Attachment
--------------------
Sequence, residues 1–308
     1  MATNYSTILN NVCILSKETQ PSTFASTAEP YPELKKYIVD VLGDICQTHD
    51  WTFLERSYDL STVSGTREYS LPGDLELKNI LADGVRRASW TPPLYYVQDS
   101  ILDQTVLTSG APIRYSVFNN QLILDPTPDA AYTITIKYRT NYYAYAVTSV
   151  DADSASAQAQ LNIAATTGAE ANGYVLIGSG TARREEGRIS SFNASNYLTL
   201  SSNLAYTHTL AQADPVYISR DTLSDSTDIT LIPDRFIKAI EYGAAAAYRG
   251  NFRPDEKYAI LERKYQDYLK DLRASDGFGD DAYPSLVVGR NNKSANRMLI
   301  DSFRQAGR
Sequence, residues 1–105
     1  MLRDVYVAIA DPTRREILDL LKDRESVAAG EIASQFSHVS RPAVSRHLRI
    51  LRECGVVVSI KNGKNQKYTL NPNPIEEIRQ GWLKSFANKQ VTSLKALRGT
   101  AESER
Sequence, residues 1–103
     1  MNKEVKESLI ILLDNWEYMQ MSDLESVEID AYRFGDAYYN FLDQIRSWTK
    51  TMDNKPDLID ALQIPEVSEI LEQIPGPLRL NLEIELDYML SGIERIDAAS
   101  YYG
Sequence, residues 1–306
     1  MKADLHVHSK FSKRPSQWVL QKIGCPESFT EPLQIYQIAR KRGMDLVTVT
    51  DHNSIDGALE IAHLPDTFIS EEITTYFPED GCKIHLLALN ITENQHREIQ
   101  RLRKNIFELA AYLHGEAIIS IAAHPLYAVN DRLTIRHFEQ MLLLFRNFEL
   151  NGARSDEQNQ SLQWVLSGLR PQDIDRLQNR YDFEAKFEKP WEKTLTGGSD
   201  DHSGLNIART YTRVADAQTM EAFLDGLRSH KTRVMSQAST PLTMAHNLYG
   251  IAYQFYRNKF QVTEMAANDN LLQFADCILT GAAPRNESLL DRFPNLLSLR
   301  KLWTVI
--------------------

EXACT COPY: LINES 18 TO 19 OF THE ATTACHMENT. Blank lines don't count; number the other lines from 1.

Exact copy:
     1  MKADLHVHSK FSKRPSQWVL QKIGCPESFT EPLQIYQIAR KRGMDLVTVT
    51  DHNSIDGALE IAHLPDTFIS EEITTYFPED GCKIHLLALN ITENQHREIQ